AFI Fest 2010
By Don Simpson | November 27, 2010
Director: Pip Chodorov
Writer(s): Lucy Allwood (co-writer), Pip Chodorov (co-writer)
Starring: Stan Brakhage, Robert Breer, Pip Chodorov
“I’d like you to meet some of my friends and see their films,” announces filmmaker Pip Chodorov at the beginning of this very personal visual essay on some of the leading figures of 20th century experimental cinema. Chodorov starts with a series of clips from his family’s home movies shot in the 1960s, as well as footage of his own projects shot in the 1970s, to explain his perspective of experimental film. Establishing his tone very early on, Chodorov focuses on the free spirited nature of experimental cinema, as well as the inherent desire for experimental filmmakers to create something new, while shattering any and all preconceived notions about art and cinema.
Part “best of” compilation, Free Radicals features a hodgepodge of seminal experimental cinema shown in clips or in their entirety. Chodorov allots ample time for the films to speak for themselves. (The films that are presented in their entirety include: Len Lye’s Free Radicals and Rainbow Dance, Robert Breer’s Recreation, and Stan Brakhage’s “existence is song”.) But, Free Radicals is also a very “traditional” historical documentary with talking head interviews, compiling archival footage and new interviews with Jonas Mekas, Ken Jacobs, Peter Kubelka, Breer and Brakhage. (Chodorov’s documentary also features Andy Warhol, Hans Richter, MM Serra, Maya Deren among others.)
Experimental cinema first emerged in Europe in the 1920s when avant-garde movements in the other visual arts were flourishing — Dadaists and Surrealists took a particular liking to cinema. Their work was often too “artsy” for cinemas yet the celluloid medium was not conducive to art galleries, so experimental filmmakers often found themselves in a no-man’s-land between the art world and the film industry. Mekas played a major role in finding experimental filmmakers a figurative home in the United States by helping create the Film-Makers’ Cooperative and Anthology Film Archive.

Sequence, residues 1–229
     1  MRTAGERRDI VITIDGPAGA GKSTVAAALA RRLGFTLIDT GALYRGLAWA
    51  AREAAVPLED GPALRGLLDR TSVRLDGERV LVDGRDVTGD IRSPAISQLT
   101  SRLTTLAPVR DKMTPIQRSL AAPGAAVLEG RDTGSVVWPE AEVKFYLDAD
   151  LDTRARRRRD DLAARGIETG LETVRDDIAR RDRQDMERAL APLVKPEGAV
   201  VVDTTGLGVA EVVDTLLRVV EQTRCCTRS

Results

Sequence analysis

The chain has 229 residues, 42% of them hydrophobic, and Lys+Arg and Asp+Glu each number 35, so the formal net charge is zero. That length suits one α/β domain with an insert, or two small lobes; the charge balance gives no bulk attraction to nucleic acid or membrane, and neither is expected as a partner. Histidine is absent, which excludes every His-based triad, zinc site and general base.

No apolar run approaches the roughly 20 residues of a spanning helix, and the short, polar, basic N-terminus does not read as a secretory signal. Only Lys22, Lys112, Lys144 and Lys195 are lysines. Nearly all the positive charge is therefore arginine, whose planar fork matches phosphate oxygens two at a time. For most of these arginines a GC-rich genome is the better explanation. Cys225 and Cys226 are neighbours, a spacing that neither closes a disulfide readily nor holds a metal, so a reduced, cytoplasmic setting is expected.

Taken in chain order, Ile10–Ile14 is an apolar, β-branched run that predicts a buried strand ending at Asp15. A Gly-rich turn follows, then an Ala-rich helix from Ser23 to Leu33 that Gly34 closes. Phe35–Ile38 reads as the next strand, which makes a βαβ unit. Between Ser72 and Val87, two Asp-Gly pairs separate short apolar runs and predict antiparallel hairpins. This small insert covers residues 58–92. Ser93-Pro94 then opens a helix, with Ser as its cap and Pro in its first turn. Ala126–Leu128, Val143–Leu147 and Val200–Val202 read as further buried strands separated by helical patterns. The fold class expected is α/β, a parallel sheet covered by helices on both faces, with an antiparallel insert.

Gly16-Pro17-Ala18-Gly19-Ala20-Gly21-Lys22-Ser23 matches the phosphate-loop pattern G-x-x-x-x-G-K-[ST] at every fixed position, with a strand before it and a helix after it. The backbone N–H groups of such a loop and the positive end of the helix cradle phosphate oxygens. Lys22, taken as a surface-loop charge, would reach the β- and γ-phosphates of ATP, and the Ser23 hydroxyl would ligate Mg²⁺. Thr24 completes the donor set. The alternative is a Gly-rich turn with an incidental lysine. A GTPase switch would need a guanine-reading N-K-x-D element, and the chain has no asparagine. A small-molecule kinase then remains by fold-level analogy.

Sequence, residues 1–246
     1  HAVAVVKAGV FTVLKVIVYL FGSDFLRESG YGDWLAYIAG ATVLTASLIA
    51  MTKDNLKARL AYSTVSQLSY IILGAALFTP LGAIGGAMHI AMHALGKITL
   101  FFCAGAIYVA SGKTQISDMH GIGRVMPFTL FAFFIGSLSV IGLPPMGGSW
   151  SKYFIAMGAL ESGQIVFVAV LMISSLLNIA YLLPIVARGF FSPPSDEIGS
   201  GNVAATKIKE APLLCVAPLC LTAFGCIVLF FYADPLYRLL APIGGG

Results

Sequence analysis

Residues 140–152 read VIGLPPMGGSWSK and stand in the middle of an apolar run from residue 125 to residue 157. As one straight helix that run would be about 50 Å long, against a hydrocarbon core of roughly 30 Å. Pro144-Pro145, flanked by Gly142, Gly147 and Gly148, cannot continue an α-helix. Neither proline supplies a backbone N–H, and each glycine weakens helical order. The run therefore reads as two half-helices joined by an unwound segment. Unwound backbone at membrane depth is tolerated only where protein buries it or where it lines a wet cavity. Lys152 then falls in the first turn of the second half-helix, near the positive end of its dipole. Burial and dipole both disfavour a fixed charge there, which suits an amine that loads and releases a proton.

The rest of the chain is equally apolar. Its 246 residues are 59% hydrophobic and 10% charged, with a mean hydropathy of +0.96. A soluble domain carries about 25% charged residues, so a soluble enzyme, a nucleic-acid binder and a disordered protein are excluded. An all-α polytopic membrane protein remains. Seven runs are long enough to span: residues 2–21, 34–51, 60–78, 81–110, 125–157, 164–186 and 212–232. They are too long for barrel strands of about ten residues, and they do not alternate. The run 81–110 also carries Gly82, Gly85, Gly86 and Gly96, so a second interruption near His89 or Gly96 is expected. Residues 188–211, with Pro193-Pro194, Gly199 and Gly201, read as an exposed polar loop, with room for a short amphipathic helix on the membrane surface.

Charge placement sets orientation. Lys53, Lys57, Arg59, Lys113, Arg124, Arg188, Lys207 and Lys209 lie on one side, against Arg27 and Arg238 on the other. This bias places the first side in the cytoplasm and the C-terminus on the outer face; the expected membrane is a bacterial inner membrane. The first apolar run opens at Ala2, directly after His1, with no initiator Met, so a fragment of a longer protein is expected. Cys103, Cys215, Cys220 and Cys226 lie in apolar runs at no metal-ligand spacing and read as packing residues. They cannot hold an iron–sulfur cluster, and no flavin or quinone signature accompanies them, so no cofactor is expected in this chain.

Admittedly, I am a little disappointed that Free Radicals is such a traditional documentary. Chodorov clearly wants to keep focused on the task at hand — letting the filmmakers and their work speak for themselves — but in dealing with a subject as, well, experimental as this one, I expected Chodorov to take a much more experimental approach to the documentary form. That complaint aside, the interviews contain a lot of worthwhile content (especially Jacob’s tales of dumpster diving for food and watching a Hollywood film with Brakhage while lying on their backs at the base of the screen) and the footage of the actual experimental films is fantastic to experience on the big screen.